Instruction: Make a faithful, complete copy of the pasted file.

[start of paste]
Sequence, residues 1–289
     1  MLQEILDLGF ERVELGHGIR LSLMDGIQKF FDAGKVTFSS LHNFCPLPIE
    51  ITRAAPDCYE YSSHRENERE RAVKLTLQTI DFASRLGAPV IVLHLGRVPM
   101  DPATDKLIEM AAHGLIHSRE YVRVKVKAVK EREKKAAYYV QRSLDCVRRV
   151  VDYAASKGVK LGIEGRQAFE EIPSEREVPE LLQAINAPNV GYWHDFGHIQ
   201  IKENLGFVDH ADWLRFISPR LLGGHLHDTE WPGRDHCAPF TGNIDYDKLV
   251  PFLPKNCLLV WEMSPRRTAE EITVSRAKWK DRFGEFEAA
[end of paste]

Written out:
Sequence, residues 1–289
     1  MLQEILDLGF ERVELGHGIR LSLMDGIQKF FDAGKVTFSS LHNFCPLPIE
    51  ITRAAPDCYE YSSHRENERE RAVKLTLQTI DFASRLGAPV IVLHLGRVPM
   101  DPATDKLIEM AAHGLIHSRE YVRVKVKAVK EREKKAAYYV QRSLDCVRRV
   151  VDYAASKGVK LGIEGRQAFE EIPSEREVPE LLQAINAPNV GYWHDFGHIQ
   201  IKENLGFVDH ADWLRFISPR LLGGHLHDTE WPGRDHCAPF TGNIDYDKLV
   251  PFLPKNCLLV WEMSPRRTAE EITVSRAKWK DRFGEFEAA